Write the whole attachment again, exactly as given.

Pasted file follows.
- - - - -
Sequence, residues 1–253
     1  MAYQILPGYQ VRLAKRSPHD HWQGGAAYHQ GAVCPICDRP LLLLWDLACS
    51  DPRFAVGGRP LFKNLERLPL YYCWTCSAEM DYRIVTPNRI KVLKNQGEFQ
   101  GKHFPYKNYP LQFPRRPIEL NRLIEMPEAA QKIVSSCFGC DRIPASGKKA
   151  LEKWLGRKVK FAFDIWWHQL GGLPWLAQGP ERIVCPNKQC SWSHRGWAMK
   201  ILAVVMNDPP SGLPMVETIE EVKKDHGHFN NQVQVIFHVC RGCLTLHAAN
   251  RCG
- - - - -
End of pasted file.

Sequence, residues 1–253
     1  MAYQILPGYQ VRLAKRSPHD HWQGGAAYHQ GAVCPICDRP LLLLWDLACS
    51  DPRFAVGGRP LFKNLERLPL YYCWTCSAEM DYRIVTPNRI KVLKNQGEFQ
   101  GKHFPYKNYP LQFPRRPIEL NRLIEMPEAA QKIVSSCFGC DRIPASGKKA
   151  LEKWLGRKVK FAFDIWWHQL GGLPWLAQGP ERIVCPNKQC SWSHRGWAMK
   201  ILAVVMNDPP SGLPMVETIE EVKKDHGHFN NQVQVIFHVC RGCLTLHAAN
   251  RCG